needs to make him truly happy! Jesus on our altars offers us His help and His
consolations, His blessing and His peace, His goodness and His joy, His sufferings and
His death with all their merit. He yearns to come to our assistance in our need, and whose
need is not great?
The Structure of the Mass
The first part of the Mass is a kind of introductory service, made up of chants, prayers
and lessons (i.e. readings from Holy Scripture) — namely, the Introit, the Kyrie, the
Collect, the Epistle or Lesson, and the Gospel. On certain days the Gloria and the
Nicene Creed are added. This first part of the Mass is called the Mass of the
Catechumens, while the remaining part is called the Mass of the Faithful. These names
have their origin in the discipline of the early Church. In the first ages of Christianity,
persons desiring to become Christians were obliged to undergo a course of instructions
preparatory to baptism. They were called “catechumens,” a Greek word meaning “one
whose is being instructed.” Such persons, being not yet fully initiated in the teachings
and practices of Christianity, were dismissed before the sacrificial part of the Mass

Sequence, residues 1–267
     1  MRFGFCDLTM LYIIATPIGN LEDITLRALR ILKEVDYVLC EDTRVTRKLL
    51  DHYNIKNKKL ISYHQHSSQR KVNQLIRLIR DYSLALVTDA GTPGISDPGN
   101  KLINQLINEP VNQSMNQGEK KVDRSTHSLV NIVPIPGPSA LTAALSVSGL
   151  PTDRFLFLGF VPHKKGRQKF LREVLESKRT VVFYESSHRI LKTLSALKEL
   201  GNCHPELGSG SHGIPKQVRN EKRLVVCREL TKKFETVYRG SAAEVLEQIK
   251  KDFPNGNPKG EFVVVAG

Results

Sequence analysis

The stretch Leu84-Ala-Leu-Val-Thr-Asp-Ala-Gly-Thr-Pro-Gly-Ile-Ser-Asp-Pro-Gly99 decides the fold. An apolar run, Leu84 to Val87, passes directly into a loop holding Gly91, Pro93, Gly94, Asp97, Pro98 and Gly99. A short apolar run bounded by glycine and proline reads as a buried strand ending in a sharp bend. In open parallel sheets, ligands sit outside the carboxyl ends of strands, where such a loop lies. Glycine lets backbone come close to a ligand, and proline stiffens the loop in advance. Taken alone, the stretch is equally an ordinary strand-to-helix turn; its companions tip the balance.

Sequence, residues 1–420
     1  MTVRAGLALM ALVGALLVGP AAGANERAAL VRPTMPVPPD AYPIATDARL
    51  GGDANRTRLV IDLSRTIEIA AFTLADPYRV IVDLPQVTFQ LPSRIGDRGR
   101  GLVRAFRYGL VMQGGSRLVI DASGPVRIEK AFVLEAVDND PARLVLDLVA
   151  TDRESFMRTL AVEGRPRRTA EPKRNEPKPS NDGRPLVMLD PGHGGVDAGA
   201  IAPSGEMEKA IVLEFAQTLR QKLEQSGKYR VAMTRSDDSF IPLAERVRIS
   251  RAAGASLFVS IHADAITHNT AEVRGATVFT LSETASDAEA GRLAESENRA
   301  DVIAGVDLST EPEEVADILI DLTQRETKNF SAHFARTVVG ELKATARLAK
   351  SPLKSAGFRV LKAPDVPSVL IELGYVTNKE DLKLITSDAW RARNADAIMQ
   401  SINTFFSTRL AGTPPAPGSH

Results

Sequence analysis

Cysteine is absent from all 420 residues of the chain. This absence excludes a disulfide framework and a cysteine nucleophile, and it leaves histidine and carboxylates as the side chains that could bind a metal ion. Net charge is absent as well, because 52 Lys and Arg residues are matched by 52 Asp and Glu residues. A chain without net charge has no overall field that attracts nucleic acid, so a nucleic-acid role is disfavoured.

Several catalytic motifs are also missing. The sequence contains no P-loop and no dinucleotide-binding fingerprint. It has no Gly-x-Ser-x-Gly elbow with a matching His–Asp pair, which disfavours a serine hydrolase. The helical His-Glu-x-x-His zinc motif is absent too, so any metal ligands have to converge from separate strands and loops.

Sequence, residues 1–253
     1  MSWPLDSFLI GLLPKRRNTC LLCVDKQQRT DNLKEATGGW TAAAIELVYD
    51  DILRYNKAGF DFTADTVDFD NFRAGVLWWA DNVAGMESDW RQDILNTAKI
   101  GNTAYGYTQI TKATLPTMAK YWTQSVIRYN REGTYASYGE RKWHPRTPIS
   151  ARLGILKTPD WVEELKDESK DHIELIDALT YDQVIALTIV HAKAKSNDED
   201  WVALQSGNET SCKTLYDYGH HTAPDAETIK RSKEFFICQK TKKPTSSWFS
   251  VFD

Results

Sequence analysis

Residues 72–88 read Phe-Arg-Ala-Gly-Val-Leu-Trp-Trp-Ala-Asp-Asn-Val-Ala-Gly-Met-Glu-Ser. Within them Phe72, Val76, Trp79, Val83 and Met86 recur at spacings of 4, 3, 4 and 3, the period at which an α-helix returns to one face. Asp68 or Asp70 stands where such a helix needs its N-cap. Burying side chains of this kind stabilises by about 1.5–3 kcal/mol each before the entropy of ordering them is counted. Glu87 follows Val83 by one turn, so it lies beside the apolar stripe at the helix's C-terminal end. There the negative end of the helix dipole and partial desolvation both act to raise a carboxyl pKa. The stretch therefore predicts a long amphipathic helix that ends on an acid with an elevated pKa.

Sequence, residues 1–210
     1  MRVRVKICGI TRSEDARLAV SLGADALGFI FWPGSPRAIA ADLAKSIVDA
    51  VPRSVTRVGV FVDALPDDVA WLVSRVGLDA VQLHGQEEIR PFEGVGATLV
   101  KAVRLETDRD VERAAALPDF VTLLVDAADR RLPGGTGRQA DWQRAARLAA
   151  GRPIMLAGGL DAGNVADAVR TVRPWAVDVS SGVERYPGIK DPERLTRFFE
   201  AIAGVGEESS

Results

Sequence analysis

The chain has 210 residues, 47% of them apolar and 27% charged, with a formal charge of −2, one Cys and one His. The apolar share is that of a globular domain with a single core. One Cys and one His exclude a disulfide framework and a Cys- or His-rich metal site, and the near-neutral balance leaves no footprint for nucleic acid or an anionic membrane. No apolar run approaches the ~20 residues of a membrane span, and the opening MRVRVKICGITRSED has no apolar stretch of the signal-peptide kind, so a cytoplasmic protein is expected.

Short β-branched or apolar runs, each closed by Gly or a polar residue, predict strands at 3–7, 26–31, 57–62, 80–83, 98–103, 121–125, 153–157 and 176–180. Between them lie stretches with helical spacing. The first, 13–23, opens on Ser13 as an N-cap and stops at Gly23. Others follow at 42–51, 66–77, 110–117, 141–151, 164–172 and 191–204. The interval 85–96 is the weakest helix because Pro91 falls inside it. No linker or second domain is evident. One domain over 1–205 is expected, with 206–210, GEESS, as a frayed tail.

commenced. Likewise those who were undergoing a course of penance and had not yet
been admitted to Communion were ordered to leave the church at this part of the Mass.
That which followed was considered too holy for the presence of notorious sinners, and
too mysterious to permit those to assist who were not yet fully instructed. Only those
who were baptized, — “the Faithful” — could take part in the actual Eucharistic Sacrifice.
The Church, during the course of centuries, changed her discipline in this regard, and all
are now permitted to remain during the entire sacred rite.
The Mass is not a series of acts loosely joined together; the Mass is one
continuous action, reproducing in a mysterious way the Life, Passion and Death of Jesus
Christ. The subdivisions of the parts of the Mass are intended only as an aid in studying
the Mass. They are as follows: —
1. The Preparation — which includes the prayers at the foot of the altar, the
Introit, Kyrie and Gloria.
2. The Instruction — which includes the Collect, the Epistle, Gradual, Alleluia,
(or Tract, and on certain feasts the Sequence), the Gospel (usually followed by a
sermon), and the Credo.